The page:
Abstract 3116: Subclinical Coronary Atherosclerosis Detected by Coronary CT Angiography in Asymptomatic Population with and without Mild Renal Insufficiency
BACKGROUND The prevalence of coronary artery disease (CAD) increased in patients with moderate to severe renal insufficiency. The impact of renal insufficiency on the development of CAD may increase as renal function continues to deteriorate, however, there is no data available in mild renal insufficiency. The purpose of this study was to explore the association between mild renal insufficiency and coronary atherosclerosis, using coronary CT angiography (CCTA).
METHODS We consecutively enrolled 4984 asymptomatic subjects (mean age 49 ± 10 years, 61% male), who underwent CCTA (64-slice MDCT) as part of a general health evaluation. We categorized subjects based on their estimate of renal function (estimated glomerular filtration rate (eGFR), using MDRD equation: ≥ 60 vs. 45 to 59 ml/min/1.73 m2). Patients with eGFR less than 45 ml/min/1.73 m2 were excluded. Coronary artery calcium score (CACS), presence of plaque, and significant stenosis (≥ 50% lumen diameter) were compared between 2 groups. Regression analysis was performed to assess the correlation between CAD and mild renal insufficiency.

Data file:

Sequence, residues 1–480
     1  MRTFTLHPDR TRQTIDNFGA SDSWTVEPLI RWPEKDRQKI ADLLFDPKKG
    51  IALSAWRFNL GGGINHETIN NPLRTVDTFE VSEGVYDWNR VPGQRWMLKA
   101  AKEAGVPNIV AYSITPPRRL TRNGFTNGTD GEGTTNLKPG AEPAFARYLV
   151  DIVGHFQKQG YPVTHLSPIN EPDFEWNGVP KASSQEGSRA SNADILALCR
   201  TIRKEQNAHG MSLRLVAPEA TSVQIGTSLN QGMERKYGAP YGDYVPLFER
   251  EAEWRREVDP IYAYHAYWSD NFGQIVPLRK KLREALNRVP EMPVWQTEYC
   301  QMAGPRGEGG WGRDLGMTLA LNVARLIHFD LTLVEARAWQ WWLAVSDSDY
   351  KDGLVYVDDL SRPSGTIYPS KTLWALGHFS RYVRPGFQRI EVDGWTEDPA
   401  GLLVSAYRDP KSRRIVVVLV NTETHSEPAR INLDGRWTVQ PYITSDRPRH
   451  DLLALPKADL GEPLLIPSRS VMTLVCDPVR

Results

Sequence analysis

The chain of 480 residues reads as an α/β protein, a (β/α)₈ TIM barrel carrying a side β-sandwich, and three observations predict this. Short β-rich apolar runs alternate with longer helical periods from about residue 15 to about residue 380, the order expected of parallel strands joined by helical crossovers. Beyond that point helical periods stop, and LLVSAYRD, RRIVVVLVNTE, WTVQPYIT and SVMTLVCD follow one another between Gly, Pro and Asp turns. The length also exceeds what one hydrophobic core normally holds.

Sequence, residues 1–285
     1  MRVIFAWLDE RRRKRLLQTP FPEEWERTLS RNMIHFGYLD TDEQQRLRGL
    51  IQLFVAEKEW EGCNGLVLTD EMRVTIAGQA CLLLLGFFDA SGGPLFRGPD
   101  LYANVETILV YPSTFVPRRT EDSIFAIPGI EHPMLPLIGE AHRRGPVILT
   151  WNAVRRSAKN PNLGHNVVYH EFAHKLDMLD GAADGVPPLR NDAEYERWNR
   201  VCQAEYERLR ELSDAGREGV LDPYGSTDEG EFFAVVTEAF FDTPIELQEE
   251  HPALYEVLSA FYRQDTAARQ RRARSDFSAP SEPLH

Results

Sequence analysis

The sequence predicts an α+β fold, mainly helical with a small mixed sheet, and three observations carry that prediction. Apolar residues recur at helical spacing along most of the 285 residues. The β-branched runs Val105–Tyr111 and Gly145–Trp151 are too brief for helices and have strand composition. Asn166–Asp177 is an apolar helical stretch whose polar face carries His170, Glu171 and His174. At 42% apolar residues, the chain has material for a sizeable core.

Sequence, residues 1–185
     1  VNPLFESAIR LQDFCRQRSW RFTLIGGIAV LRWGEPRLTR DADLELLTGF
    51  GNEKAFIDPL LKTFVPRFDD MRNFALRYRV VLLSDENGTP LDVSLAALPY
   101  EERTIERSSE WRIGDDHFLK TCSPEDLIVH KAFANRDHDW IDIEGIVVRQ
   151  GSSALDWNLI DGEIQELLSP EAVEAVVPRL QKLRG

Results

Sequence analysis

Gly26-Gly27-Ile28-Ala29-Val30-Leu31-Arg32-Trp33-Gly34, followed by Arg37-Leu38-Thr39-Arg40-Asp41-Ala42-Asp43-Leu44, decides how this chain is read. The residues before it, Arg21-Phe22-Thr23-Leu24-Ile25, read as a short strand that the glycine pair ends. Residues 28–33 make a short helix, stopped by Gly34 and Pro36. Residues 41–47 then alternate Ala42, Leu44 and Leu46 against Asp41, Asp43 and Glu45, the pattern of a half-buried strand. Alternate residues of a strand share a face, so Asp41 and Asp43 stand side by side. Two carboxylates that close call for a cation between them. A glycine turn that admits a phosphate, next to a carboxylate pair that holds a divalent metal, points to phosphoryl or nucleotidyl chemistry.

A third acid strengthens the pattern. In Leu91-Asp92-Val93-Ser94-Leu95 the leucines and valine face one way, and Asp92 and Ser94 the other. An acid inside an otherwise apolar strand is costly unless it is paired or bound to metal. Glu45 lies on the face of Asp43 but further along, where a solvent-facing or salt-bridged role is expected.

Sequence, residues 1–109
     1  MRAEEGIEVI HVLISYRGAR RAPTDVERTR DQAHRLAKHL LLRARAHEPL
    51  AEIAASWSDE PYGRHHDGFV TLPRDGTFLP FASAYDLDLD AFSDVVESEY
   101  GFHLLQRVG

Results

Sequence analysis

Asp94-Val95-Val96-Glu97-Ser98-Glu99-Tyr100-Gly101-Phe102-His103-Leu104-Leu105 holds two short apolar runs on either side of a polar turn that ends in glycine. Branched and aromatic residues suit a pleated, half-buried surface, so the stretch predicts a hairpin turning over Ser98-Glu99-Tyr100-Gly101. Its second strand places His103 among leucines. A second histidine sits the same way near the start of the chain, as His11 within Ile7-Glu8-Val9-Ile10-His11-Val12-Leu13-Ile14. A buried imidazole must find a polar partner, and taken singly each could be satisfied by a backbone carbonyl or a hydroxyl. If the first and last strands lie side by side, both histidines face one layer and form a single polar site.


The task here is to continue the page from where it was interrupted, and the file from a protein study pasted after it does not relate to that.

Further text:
RESULTS Three hundreds forty-two subjects (7%) had mild renal insufficiency (eGFR: 45 to 59) and 4642 (93%) had normal renal function (eGFR: ≥ 60 ml/min/1.73 m2). Subjects with mild renal insufficiency showed higher incidence of CAD (124 (36%) vs. 1039 (22%), p<0.001) and significant stenosis (31 (9%) vs. 147 (3%), p<0.001). However, after adjusting conventional risk factors, mild renal insufficiency was no longer an independent risk factor for the presence of CAD and significant stenosis. Furthermore, after age and sex-matching, there was no significant difference in incidence of moderate to severe (≥ 100) CACS (44 (13%) vs. 39 (12%), p=0.64), CAD (122 (36%) vs. 114 (34%), p = 0.57), and significant stenosis (11 (9%) vs. 9 (6%), p = 0.19) between 2 groups.
CONCLUSIONS The higher incidence of CAD and significant stenosis in subjects with mild renal insufficiency was observed, however, which are primarily attributed to the effect of other conventional risk factors. Mild renal insufficiency may not act as an independent risk factor for coronary atherosclerosis.